Six years after Congress granted FERC “backstop” siting authority for electric transmission projects in the Energy Policy Act of 2005, the regulatory landscape is still evolving as a result of...
The Mobile-Sierra Doctrine, Part Deux
A new twist on an old doctrine.
As the court put it, “taken together, the satisfaction of these three conditions justifies a presumption that parties have negotiated a contract that is just and reasonable between them and therefore triggers the Mobile-Sierra public-interest mode of review.” 15
The first condition reflects settled law that, absent contractual authority, a party to a jurisdictional contract cannot file to collect higher rates unless it can show that the abrogation of its contract is in the public interest. 16 The second condition carries forward the Ninth Circuit’s holding in Lockyer17 that a market-based rate regime must include some provision by which the commission considers whether market-based rates are just and reasonable, i.e., that the assumptions upon which market-rate authority was granted were obtained when the contract was executed. The third condition is cut from whole cloth and requires the commission to examine whether anomalies were extant at the time of contract formation, which call into question whether the rates and terms of the contract reflect the outcome of a workably competitive market.
In the case at bar, the court found that none of the contested contracts authorized unilateral action, and thus held that its first Mobile-Sierra precondition was satisfied. As to the second condition, the court stated that “although market-based rate authority can qualify as sufficient prior review to justify limited Mobile-Sierra review, it can do so only when accompanied by effective oversight permitting timely reconsideration of market-based authorization if market conditions change.” 18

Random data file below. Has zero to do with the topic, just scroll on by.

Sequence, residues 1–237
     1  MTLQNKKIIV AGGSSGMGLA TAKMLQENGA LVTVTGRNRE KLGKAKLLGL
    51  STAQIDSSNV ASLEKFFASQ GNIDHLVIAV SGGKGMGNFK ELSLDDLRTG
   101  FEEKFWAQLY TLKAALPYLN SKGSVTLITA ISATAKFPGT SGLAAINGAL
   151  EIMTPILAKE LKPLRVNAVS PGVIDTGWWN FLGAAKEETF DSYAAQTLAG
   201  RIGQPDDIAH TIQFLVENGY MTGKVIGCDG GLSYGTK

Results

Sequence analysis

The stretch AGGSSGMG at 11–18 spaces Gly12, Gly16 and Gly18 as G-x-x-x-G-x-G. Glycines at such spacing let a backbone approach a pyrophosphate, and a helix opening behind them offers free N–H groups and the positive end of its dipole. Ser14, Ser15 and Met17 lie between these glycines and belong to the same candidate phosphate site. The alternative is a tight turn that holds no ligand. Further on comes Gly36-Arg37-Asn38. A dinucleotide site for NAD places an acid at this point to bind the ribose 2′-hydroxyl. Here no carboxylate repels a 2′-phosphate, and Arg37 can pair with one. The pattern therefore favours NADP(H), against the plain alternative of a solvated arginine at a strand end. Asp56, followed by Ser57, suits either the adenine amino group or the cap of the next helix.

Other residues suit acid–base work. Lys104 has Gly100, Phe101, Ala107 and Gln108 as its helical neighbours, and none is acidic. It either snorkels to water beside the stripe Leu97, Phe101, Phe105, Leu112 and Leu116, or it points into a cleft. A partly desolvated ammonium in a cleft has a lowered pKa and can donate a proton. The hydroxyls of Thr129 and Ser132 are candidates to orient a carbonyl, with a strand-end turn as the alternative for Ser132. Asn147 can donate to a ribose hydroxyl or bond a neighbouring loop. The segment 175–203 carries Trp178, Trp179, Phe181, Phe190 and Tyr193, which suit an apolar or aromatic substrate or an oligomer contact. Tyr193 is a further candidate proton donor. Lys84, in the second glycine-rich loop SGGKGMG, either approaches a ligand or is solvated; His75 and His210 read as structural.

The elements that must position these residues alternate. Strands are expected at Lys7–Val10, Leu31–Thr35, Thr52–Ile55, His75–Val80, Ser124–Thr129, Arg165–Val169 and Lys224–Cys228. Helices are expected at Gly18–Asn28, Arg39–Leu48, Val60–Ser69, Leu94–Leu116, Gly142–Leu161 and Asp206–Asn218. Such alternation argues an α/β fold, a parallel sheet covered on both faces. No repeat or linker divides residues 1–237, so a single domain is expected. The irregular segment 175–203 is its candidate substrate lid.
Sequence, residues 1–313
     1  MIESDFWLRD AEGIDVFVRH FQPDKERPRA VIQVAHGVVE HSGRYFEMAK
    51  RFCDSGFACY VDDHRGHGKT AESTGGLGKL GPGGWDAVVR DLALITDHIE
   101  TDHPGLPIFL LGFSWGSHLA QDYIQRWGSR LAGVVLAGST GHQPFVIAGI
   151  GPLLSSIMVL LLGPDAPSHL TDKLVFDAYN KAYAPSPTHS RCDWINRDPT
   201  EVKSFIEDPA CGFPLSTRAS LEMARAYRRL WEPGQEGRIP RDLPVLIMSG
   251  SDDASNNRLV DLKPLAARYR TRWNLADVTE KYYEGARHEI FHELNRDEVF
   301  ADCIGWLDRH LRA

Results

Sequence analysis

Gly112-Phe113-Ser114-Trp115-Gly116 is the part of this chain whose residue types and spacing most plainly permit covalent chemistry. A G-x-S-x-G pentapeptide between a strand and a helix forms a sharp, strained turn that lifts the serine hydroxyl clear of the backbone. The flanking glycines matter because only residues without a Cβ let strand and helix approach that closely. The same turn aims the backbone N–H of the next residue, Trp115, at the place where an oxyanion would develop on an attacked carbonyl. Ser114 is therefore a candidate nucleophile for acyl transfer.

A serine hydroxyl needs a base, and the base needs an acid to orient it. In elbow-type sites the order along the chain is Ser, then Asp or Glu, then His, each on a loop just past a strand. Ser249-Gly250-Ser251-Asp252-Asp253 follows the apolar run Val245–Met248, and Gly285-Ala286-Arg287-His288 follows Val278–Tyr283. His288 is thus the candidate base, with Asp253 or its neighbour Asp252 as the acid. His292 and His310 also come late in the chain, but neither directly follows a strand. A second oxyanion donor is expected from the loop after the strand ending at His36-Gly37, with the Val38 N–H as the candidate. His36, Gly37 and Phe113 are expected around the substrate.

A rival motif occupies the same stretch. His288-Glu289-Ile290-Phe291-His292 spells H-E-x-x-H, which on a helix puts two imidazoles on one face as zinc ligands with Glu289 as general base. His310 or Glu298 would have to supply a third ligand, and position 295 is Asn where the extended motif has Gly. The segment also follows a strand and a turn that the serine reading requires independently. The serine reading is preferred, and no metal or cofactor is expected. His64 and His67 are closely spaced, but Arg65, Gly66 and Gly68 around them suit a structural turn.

In the instant case, as with Lockyer before it, the court found that the commission failed to adopt any monitoring mechanism before applying the deferential Mobile-Sierra review to the challenged contracts. Rather, the commission accepted the grant of market-based rate authority as conclusive proof that the terms of subsequently negotiated contracts were just and reasonable without any inquiry into the actual state of the market at the time contracts were negotiated. According to the court, “by layering Mobile-Sierra review on top of a market-based rate authority that can be revoked only prospectively ... FERC abdicates its statutory responsibility to provide such rate revision when appropriate.” 19 The court found that the “fatal flaw in FERC’s approach to ‘oversight’[was] that it preclude[d] timely consideration of sudden market changes and offer[ed] no protection to purchasers victimized by the abuses of sellers or dysfunctional market conditions that FERC itself only notices in hindsight.” 20 Therefore, the second prerequisite to the application of the Mobile-Sierra doctrine was unfulfilled in this case.
As to the third condition, the court held that FERC must establish that the challenged contract initially was formed free from the influence of improper factors, such as market manipulation, the leverage of market power, or an otherwise dysfunctional market. In the challenged orders, the commission acknowledged a report by its own staff finding that the flaws in the spot market artificially influenced rates in the forward markets, but found such evidence to be irrelevant to its Mobile-Sierra analysis. The court held that the FERC’s application of the Mobile-Sierra doctrine without considering contract formation issues was in error.
The Ninth Circuit